Collaborative Divorce Lawyers in Washington
About the Collaborative Divorce Process
The divorce process that most people are familiar with is the traditional
method of litigation, which uses our justice system, which is by nature
an adversarial process. The vast majority of divorce cases are resolved
by negotiated agreement between the parties; however, if parties are unable
to reach a settlement in
family law matters using the traditional approach, then the parties must go to court and
present their cases before a judge, who will hopefully rule in favor of
your desired outcome.
Litigation is appropriate in many situations, but it is not always the
ideal avenue for every couple seeking a divorce. Collaborative divorce
may be a better option for couples in a low-conflict situation where there
is a mutual goal to leave the marriage as amicably as possible while achieving fairness.
Collaborative Law: What You Need to Know
Collaborative Law refers to a method of resolving family law cases in a
way that prohibits court intervention. Collaborative Law can be used in
a variety of Washington State family law cases, including divorces, legal
separations, child support modifications, parenting plan modifications,
paternity matters, and relocation cases.
Some benefits of Collaborative Divorce to consider include:
- The "final say" will not be in the hands of a judge
- Potentially less costly than traditional divorce, especially when heavy
litigation is involved
- Often, this option is less adversarial and more amicable than traditional divorce
The Collaborative Divorce lawyers at McKinley Irvin have helped many divorcing
couples reach reciprocally satisfying resolutions in a civil and respectful
manner by using various dispute resolution approaches, including Collaborative Divorce.
Working Together to Reach a Mutually Agreeable Resolution
In the unique process of Collaborative Divorce, each party retains a lawyer
specially trained to handle Collaborative Divorce cases. The lawyers representing
both parties are not at odds, as is the case with divorce litigation,
but rather work as a team to reach a mutually agreeable resolution.
The collaborative team not only includes the divorcing couple and their
lawyers, but can also include a financial specialist, a divorce coach,
and a child specialist if children are involved.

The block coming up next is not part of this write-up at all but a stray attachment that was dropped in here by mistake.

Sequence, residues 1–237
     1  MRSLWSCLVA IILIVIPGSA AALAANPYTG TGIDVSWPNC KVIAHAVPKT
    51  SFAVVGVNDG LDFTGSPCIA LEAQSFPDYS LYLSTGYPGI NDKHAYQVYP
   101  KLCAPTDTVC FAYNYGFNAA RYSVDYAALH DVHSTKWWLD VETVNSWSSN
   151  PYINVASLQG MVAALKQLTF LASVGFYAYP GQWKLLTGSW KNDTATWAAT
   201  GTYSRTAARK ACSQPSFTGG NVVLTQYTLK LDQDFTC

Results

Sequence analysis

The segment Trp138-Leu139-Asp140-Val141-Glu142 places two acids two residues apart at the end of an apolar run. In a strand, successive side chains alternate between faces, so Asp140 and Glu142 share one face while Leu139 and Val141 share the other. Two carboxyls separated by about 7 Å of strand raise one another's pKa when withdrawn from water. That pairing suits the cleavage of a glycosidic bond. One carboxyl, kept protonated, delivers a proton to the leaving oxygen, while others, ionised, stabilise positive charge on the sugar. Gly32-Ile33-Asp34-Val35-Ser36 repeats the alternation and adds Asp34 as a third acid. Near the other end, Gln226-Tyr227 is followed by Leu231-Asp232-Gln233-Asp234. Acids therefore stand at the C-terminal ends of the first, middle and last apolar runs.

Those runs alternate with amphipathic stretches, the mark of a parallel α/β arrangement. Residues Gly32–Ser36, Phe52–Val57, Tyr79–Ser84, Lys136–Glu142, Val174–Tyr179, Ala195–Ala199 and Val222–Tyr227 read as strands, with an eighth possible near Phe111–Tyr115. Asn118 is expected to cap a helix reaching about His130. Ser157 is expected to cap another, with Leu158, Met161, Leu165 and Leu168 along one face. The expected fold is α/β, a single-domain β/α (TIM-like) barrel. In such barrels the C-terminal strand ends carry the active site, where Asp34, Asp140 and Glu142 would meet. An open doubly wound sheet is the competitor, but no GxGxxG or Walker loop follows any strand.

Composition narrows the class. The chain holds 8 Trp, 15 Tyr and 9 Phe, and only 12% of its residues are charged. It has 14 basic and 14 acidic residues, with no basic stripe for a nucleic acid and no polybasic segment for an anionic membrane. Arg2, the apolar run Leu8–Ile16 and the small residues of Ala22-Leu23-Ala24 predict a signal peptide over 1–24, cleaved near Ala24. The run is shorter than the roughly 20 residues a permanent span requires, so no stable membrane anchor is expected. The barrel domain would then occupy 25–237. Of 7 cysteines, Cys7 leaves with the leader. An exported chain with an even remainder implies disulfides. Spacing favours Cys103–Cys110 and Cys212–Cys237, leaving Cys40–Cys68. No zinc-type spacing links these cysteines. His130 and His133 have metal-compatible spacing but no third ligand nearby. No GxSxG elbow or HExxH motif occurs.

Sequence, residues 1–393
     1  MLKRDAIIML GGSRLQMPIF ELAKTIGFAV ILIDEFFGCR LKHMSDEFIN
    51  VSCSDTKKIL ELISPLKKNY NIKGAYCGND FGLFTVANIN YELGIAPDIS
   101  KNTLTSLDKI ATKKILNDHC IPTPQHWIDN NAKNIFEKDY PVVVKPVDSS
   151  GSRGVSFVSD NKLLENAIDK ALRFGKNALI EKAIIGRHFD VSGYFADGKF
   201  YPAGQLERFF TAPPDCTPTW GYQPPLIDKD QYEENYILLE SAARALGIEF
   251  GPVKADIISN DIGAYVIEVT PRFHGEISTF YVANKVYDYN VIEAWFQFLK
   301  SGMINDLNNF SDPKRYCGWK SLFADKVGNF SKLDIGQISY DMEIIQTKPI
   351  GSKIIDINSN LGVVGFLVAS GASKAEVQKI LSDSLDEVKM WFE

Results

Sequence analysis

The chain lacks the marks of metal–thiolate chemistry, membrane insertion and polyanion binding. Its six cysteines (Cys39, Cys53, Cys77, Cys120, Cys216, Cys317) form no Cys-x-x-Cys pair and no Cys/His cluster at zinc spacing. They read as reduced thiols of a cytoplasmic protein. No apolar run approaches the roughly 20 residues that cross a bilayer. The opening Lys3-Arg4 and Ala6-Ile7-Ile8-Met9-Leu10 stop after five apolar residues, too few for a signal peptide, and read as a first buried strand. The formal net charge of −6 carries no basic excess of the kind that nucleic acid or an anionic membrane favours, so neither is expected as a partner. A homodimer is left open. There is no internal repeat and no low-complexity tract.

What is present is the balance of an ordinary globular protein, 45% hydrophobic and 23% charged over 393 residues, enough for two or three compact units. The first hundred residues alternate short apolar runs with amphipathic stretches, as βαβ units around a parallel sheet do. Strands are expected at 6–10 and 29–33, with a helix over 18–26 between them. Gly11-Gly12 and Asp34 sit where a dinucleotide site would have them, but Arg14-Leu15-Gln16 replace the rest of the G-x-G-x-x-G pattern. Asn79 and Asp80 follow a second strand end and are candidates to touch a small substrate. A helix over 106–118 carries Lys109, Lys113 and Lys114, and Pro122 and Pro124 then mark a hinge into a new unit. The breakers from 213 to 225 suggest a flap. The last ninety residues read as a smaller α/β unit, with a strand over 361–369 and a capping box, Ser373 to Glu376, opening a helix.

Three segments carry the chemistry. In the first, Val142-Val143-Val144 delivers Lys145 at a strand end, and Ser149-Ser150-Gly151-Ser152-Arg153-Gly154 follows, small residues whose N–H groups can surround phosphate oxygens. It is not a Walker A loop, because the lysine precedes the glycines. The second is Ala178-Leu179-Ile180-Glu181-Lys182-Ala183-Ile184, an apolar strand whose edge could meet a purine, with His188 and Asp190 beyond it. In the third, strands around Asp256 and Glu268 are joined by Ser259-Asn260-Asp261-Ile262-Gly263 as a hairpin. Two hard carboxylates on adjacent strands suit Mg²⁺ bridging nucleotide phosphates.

Signing a Participation Agreement
The Collaborative Divorce process commences with the signing of a participation
agreement. By signing this agreement, both parties and their team members
agree to resolve all disputes outside of court and in a respectful, confidential
manner. The Participation Agreement also includes information about the
Collaborative Divorce process, such as its rules and expectations.
Settling And Resolving Collaborative Divorce Cases
In our experience, arriving at a resolution in collaborative cases typically
takes about the same amount of time as traditional divorce cases. The
lawyers will draft the formal agreement once both parties agree on a settlement,
and enter the agreed final orders with a court which legally dissolves
the marriage. These steps complete the collaborative proceeding with the court.
The 4 Key Principles of Collaborative Law
In theory, the Collaborative Law process sounds like the perfect choice,
but divorce and family law matters are emotionally charged. In reality,
the parties frequently cannot work together effectively and are unable
to agree on what constitutes a fair and reasonable resolution. Many instances
make Collaborative Law a poor choice, such as domestic violence, a historical
imbalance of power in the relationship, a lack of trust, or the inability
to constructively or respectfully communicate.
The four key principles in Collaborative Law are:
- Both parties commit at the outset to resolve all issues by agreement without
court intervention, and without threatening court intervention.
- If either client seeks court intervention at any time, both attorneys must
withdraw from representation, and each party must hire a new attorney
to represent them.
- Both parties and the attorneys agree to participate in good faith negotiations,